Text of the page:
Shown below is Fresno’s chalkboard map from the first half. As you can see, most of their balls were played long, often-direct, and forward. However, it can also be observed that they didn’t connect on many passes in their own attacking third and that’s what T2 seemed to exploit in the second half. Instead of playing for possession, coach Cameron Knowles had his team sit back more and launch balls forward. While that strategy led to more turnover of possession, it proved to be effective as that’s how they got their goal while also taking away some of Fresno’s most dangerous opportunities.

At the end of the day, if T2 want to play with heavy possession against a team that likes to counter, they will need to be able to find that killer final ball; on Saturday night they just weren’t able to.

Lack of continuity

T2 have seemed to form a lot of worrying trends in their recent six-game winless streak, but the biggest issue seems to be their lack of continuity. What sucks is that continuity is one of the only things that the team cannot fully control.

Being a feeder team to a bigger MLS side has its advantages. Being able to field a team’s brightest young prospects is great, and they often have a great infrastructure built up. The biggest downside is that when a player really performs well, he will most likely be called up, leaving the USL side without some of its best players at a moments notice. This is not an issue that an independent club like Fresno FC faces. While this may be a great tool for an entire organization and is much preferable to having young players stagnate in the second-division, it undoubtedly hurts the USL side.

In their 19 matches so far, thirteen different players have scored which speaks to the lack of focus on any one player. Asprilla has six goals, Brayan Hurtado has five, Modou Jadama has four; none of those players played against Fresno.

Continuity helps any team, but it is especially important for T2 as their offense relies on build-up play and finding a line-breaking pass. With similar lineups, the players will know one another’s runs and will more frequently be on the same page.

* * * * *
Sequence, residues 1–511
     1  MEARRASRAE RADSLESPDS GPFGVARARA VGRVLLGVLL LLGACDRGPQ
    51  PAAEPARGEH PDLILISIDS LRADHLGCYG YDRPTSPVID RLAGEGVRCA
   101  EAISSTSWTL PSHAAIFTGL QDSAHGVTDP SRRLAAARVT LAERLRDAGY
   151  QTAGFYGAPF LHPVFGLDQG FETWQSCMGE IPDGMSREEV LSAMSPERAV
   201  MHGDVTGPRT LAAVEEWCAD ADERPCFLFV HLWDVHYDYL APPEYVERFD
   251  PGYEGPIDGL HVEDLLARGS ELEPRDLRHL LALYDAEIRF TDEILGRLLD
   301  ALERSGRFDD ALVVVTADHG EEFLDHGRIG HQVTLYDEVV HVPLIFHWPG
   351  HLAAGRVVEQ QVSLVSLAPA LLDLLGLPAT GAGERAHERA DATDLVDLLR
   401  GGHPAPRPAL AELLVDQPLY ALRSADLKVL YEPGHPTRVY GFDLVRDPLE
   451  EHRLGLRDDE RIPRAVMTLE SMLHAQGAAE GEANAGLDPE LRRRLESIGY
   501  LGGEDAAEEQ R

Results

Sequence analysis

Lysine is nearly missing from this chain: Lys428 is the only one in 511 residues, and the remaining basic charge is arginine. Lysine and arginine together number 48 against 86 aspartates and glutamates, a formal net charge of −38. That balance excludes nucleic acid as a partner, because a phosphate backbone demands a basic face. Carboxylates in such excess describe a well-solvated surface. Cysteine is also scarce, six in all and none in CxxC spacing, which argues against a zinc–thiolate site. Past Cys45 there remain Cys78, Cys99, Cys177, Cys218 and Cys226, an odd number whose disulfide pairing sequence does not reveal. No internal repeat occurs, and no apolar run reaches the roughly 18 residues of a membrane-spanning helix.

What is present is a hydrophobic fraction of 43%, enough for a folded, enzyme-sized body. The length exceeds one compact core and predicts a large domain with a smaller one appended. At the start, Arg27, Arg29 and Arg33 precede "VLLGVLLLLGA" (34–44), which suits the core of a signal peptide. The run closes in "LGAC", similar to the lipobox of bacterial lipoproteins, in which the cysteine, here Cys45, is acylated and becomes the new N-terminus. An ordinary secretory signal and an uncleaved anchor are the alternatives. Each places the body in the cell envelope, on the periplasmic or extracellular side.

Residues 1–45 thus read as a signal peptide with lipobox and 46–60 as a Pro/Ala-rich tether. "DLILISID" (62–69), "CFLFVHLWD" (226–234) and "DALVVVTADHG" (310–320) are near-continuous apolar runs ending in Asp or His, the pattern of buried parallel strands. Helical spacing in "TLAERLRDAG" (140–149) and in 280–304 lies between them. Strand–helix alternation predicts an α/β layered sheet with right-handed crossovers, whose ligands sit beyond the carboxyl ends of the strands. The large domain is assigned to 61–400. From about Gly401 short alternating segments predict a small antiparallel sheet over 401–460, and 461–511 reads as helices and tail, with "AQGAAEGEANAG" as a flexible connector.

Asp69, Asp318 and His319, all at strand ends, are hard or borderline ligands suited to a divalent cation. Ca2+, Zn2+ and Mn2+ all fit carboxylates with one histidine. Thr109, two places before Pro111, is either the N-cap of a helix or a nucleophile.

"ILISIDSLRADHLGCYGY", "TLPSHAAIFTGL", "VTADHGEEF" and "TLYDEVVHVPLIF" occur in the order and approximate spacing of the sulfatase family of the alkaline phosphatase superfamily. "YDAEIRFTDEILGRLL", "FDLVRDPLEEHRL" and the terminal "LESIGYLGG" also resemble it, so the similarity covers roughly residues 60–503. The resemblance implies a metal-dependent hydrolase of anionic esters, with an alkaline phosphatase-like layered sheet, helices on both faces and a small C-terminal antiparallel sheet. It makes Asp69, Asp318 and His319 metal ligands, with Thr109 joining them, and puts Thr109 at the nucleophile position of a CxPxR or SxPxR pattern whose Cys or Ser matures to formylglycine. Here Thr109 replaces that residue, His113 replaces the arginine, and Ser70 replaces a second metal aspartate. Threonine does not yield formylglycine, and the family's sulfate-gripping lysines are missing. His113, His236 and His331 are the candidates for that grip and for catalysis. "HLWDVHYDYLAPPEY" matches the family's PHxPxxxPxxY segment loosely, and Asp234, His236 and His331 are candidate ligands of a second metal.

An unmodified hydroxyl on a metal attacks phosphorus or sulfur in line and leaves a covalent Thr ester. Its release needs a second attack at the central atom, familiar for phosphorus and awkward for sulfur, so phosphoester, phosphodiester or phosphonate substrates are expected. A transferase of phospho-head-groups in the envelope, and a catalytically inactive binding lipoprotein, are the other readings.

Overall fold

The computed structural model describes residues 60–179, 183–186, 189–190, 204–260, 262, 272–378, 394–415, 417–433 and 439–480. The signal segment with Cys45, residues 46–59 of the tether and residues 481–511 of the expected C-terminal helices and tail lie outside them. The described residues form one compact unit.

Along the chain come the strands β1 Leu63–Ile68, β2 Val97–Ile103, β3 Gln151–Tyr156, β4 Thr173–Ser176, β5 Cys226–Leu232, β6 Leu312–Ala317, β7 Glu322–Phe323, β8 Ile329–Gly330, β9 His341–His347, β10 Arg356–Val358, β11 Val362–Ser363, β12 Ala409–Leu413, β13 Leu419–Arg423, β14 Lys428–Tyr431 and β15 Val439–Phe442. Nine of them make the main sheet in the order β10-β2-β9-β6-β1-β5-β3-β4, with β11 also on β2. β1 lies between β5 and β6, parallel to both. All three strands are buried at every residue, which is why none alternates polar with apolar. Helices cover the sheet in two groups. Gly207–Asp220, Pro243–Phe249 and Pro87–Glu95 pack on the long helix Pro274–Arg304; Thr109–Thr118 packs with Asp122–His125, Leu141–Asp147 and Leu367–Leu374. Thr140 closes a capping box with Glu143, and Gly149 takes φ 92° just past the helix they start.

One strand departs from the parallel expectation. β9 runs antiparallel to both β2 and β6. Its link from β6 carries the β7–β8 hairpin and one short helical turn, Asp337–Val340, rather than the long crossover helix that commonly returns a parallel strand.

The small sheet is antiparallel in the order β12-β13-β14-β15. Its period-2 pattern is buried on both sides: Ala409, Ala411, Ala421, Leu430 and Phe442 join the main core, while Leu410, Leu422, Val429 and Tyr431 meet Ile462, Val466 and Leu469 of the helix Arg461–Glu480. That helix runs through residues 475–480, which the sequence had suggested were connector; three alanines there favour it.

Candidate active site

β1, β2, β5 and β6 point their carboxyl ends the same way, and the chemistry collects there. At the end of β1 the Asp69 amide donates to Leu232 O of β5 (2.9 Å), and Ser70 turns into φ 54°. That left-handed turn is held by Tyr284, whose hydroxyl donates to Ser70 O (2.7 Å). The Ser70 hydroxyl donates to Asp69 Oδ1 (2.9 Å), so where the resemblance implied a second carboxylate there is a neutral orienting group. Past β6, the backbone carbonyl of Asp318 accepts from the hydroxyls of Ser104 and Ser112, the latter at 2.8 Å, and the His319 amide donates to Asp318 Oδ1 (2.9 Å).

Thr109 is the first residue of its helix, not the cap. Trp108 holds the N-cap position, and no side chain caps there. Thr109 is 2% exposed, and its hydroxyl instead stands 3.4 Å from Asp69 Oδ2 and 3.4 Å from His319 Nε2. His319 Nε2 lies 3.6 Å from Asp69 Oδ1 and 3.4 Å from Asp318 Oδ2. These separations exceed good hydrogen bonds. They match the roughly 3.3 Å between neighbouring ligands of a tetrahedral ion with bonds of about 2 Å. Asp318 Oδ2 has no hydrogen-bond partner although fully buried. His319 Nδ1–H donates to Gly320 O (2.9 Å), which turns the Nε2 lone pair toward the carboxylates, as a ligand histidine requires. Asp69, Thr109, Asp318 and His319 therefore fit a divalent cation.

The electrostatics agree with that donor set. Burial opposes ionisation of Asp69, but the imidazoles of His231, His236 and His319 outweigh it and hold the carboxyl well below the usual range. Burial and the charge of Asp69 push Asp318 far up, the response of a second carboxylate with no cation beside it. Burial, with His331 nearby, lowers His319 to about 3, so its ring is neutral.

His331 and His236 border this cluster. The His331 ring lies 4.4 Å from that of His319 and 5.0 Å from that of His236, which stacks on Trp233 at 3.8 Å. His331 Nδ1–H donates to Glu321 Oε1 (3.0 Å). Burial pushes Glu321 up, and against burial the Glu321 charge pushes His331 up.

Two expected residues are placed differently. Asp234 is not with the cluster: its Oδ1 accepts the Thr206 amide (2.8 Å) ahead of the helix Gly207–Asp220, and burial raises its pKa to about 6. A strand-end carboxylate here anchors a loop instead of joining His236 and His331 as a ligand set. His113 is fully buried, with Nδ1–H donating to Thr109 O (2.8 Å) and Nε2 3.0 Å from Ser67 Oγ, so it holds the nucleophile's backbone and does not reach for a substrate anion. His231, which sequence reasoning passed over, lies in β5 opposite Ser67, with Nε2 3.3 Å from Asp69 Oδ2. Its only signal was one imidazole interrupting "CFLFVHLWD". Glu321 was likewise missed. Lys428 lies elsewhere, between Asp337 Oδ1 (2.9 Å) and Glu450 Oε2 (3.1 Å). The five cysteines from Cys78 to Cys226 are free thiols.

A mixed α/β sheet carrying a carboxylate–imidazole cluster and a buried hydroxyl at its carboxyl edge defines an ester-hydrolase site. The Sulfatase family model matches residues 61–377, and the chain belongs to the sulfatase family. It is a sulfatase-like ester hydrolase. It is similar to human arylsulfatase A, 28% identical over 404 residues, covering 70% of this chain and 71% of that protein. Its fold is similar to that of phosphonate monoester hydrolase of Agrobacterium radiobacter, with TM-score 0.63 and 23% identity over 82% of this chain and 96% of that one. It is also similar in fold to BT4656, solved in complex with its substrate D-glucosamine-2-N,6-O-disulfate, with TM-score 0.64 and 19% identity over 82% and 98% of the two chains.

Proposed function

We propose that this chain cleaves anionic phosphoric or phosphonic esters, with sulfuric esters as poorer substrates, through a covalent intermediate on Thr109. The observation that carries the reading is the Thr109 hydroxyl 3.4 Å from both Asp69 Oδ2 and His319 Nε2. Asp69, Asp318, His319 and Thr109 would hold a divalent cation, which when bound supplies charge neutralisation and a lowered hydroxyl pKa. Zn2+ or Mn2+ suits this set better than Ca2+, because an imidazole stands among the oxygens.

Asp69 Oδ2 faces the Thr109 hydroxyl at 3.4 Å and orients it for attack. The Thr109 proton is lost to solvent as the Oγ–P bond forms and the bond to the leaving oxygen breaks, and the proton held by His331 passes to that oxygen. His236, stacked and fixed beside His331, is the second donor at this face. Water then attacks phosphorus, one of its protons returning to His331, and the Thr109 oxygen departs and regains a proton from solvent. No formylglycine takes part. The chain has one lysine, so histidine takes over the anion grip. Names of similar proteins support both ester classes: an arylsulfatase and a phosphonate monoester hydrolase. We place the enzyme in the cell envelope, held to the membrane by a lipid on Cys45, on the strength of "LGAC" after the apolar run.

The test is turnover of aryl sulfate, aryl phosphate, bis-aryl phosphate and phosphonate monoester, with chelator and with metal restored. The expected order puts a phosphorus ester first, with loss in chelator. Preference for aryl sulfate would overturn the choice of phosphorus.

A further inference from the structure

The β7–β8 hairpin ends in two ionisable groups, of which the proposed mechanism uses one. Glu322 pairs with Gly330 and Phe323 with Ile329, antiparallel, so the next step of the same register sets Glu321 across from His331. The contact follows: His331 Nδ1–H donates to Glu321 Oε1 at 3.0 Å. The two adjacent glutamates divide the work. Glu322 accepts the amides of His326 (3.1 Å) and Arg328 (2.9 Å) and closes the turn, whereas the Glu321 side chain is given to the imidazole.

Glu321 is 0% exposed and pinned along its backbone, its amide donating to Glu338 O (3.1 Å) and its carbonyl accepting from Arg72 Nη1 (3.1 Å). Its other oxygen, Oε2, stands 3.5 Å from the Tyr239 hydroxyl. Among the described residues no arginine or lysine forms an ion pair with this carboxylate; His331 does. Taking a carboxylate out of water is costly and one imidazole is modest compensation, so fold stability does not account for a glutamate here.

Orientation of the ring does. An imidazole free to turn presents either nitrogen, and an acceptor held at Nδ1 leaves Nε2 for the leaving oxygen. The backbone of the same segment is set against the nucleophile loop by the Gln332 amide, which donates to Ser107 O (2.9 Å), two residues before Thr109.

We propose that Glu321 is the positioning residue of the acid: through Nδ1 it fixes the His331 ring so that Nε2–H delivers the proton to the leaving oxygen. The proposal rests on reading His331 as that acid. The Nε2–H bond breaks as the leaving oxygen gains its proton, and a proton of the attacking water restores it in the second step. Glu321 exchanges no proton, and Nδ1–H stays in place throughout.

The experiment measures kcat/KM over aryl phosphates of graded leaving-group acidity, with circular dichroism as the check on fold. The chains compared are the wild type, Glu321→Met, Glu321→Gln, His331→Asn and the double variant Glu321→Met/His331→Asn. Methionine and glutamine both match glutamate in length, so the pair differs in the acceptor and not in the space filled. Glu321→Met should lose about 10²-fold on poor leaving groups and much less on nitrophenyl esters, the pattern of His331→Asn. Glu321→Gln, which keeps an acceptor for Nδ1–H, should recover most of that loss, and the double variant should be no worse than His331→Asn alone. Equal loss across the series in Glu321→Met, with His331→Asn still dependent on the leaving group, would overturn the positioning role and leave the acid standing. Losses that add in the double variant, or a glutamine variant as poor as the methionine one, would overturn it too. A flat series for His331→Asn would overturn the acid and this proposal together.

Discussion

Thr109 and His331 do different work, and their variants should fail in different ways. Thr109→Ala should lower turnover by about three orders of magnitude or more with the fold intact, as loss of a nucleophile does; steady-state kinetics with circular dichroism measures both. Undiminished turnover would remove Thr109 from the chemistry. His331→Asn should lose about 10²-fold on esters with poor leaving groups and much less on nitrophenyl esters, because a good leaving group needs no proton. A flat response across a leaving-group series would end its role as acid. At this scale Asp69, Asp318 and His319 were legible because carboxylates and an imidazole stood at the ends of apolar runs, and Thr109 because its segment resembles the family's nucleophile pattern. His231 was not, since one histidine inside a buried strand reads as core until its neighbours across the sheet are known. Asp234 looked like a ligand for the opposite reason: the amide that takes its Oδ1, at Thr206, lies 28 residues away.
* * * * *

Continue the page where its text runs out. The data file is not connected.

Obviously, continuity isn’t a possibility, so Knowles will have to find some way-- perhaps tactically-- to play winning soccer despite a lack of continuity. For a team that has scored just two goals in its last three games, that will need to be a focus as the players look for their first win in over a month.

Fighting an uphill battle

At first, it was a hiccup, then it was a worry, and now it’s an unwelcome trend. In each of the past four games, T2 has given up the opening goal.

While it might not be the biggest of problems, it does not help to begin each game on the back foot while being forced to react to the opponent instead of dictating their play. Going back to the theme of the night, T2 is a team that enjoys having possession, a tactic that relies on being in control of the game. However, T2 hasn’t led in over 298 minutes and have been forced to react a lot. Throughout the season, T2 has been at their best when they have a comfortable lead and can dictate play.

The worst part of consistently falling behind early is the fact that it completely changes the team’s approach for the rest of the night. Conceding first allows the opponent to sit back and force T2 to make the next move; if they fail, they most likely will face a dangerous counter-attack as they did against the Foxes. This all comes back to square one and the point above: if T2 cannot find that killer final ball, they will have a hard time coming out on top on any given night.

T2 are now 0-4-1 in their last five games and find themselves in seventh place in the west after slipping down another three places. They will play again next Sunday at Providence Park against Los Angeles Galaxy 2 with kickoff slated for 6 p.m.

“We’ve got to get back in the win column and there’s no better place to do it than at home,” Knowles said after the game. “Once we get it going again, we’re going to be a very dangerous team coming into the latter part of the season.”